2017-09-14 / Front Page

Hurricane Irma moves through downing trees, power lines


A windy, rainy, dreary, debris-filled day Monday made for less than desirable working conditions after the wind died down. Rayle EMC linemen were among those working in the rain through the night to restore power. A windy, rainy, dreary, debris-filled day Monday made for less than desirable working conditions after the wind died down. Rayle EMC linemen were among those working in the rain through the night to restore power. Most of Wilkes County was without electric power for a major part of the day on Monday and some were still without power late Tuesday afternoon. High winds associated with Hurricane Irma packed a wallop here even though the center of the tropical storm was still south of the Georgia-Florida border Monday morning.

Beginning as early as 10 a.m. Monday, power started blinking or was completely off in many parts of the county. The eastern part of Washington and just outside the city limits to the east seemed to be the first hit but by mid to late afternoon, practically the whole county was without power. Local electric crews worked when possible and through the night to repair local damage to power line but explained that the bigger problem was in the transmission line services by Georgia Power.

By about 11 p.m. Monday large portions of the county’s power were restored though some remained without power.

According to Wilkes County EMA Director Blake Thompson, 5.25 inches of rain fell at his office and the peak wind speed recorded was 31 miles per hour. The highest wind speed in Georgia was recorded at the Atlanta Airport at 64 miles per hour.

Most power was restored and most of the roads in Wilkes County had been cleared by the end of the day on Tuesday thanks to the tireless work by county employees under the direction of Richard McAvoy, Department of Transportation crews, and city employees. In addition,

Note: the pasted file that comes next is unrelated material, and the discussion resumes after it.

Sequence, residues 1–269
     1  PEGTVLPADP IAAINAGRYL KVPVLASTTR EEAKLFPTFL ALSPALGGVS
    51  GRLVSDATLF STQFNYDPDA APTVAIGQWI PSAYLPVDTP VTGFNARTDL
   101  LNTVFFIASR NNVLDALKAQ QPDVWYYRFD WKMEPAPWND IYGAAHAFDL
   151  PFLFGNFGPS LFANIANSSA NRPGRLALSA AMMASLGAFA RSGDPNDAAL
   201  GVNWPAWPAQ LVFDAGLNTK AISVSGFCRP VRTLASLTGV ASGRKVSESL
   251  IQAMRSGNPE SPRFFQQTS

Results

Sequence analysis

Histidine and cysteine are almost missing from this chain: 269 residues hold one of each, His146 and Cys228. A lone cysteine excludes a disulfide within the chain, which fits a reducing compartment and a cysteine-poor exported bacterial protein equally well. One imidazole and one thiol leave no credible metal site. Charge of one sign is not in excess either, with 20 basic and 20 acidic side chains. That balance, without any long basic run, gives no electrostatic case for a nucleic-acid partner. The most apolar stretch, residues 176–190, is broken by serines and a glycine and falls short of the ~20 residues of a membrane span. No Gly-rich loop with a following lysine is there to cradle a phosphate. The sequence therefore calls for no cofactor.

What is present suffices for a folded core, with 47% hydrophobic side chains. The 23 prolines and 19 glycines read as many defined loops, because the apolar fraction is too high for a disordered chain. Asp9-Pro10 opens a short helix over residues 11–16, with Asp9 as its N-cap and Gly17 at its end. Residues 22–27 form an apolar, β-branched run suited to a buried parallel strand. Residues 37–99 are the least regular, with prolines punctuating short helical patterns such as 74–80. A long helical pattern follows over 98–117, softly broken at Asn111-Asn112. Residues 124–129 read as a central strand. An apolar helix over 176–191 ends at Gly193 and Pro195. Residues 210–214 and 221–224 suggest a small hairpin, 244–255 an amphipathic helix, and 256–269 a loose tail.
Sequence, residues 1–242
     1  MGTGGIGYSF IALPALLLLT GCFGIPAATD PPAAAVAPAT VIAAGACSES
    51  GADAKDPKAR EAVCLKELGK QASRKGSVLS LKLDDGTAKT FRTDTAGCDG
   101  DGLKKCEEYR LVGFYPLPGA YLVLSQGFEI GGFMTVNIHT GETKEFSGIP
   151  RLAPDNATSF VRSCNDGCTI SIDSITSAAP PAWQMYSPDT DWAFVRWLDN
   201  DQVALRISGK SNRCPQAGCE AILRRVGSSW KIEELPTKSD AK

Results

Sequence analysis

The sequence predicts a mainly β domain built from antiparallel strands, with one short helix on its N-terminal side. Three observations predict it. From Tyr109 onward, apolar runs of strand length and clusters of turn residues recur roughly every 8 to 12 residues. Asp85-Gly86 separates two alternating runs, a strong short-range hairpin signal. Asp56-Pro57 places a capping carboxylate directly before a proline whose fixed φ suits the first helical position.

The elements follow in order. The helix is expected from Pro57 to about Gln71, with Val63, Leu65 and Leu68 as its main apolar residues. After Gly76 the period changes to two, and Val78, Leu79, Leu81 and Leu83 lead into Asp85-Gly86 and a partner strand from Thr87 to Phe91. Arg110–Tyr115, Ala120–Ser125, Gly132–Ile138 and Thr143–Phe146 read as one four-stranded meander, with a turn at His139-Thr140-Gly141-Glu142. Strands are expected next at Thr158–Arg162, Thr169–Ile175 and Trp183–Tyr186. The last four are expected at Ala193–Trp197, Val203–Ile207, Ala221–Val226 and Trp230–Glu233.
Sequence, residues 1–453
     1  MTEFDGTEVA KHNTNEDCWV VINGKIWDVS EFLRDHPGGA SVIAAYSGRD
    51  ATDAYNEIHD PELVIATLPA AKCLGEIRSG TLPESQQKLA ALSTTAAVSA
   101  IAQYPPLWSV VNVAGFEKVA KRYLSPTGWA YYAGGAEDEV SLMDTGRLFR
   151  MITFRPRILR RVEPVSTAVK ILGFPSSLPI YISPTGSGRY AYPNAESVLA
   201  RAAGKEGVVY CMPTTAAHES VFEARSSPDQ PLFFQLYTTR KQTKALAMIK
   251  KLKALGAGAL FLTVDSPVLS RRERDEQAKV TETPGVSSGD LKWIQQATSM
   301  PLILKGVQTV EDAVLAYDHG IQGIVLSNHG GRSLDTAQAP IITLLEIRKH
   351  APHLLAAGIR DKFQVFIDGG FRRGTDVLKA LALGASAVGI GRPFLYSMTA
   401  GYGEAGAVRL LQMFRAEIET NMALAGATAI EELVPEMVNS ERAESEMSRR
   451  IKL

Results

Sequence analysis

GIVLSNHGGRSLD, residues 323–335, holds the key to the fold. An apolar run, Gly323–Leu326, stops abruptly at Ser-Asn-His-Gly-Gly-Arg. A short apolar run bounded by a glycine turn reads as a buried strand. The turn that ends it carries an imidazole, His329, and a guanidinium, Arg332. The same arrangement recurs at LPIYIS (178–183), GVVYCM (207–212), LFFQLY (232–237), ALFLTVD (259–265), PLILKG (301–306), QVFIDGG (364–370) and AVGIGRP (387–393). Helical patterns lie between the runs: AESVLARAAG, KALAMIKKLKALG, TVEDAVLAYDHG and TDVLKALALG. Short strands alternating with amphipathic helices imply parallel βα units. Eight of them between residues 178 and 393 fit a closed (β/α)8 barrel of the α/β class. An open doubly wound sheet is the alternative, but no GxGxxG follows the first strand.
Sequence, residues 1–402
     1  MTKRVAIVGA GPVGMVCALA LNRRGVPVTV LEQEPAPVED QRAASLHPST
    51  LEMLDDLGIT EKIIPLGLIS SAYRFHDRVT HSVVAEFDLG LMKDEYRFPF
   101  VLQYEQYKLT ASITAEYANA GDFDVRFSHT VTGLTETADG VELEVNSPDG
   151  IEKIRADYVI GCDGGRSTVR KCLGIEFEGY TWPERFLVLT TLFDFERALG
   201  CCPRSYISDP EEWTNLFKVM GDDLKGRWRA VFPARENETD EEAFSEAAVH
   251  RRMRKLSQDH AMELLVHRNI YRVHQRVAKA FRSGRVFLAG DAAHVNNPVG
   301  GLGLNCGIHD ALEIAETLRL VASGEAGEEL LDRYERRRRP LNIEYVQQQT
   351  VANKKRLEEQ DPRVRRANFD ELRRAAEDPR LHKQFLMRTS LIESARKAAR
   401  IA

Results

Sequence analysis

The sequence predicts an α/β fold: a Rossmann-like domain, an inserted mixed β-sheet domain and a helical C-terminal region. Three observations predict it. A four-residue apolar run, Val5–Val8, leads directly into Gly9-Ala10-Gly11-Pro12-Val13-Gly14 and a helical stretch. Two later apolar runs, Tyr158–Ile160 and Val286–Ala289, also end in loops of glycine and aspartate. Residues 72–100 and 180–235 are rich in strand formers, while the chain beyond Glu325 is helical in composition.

Rayle EMC linemen, Georgia Power people, fire departments, first responders, EMS, and others “have done a great job,” Thompson said, and he pointed out that many of them had been on the job straight for more than 20 hours.


A tree that fell across South Alexander Avenue (top photo) took out power lines, broke a telephone pole, and trashed a transformer while a huge tree fell across West Robert Toombs Avenue (bottom photo) blocking traffic at the Golden Pantry intersection. 
(Storm photos by Sparky Newsome and Tom Duggan) A tree that fell across South Alexander Avenue (top photo) took out power lines, broke a telephone pole, and trashed a transformer while a huge tree fell across West Robert Toombs Avenue (bottom photo) blocking traffic at the Golden Pantry intersection. (Storm photos by Sparky Newsome and Tom Duggan) There has been no official estimate available as to how many trees were felled by the storm or how many roads blocked but it was major tree damage according to Thompson. “I’m sure we’ll have some property damage reported to but the 9-1-1 calls are still being handled,” he said. He added that he already knew of trees on three houses and one automobile, as of Tuesday Morning.

EMS and the Wilkes County Sheriff’s Office answered every call received and checked on patients. Nursing homes and assisted living facilities were also checked. PruittHealth lost power and was on a generator part of the day Monday.


(top to bottom) The local unit of the Georgia National Guard prepared and rolled out to aid those suffering from the effects of Hurricane Irma. A large tree was uprooted at the home of Charlotte Pope Simmons. Another tree was broken into pieces on West Robert Toombs Avenue, and a downtown business location just off The Square had its awning rearranged by the high winds on Monday. Meanwhile, the flag at Regions Bank tugged mightily at its pole. (top to bottom) The local unit of the Georgia National Guard prepared and rolled out to aid those suffering from the effects of Hurricane Irma. A large tree was uprooted at the home of Charlotte Pope Simmons. Another tree was broken into pieces on West Robert Toombs Avenue, and a downtown business location just off The Square had its awning rearranged by the high winds on Monday. Meanwhile, the flag at Regions Bank tugged mightily at its pole. No injuries specific to the storm had been reported as of Tuesday afternoon.





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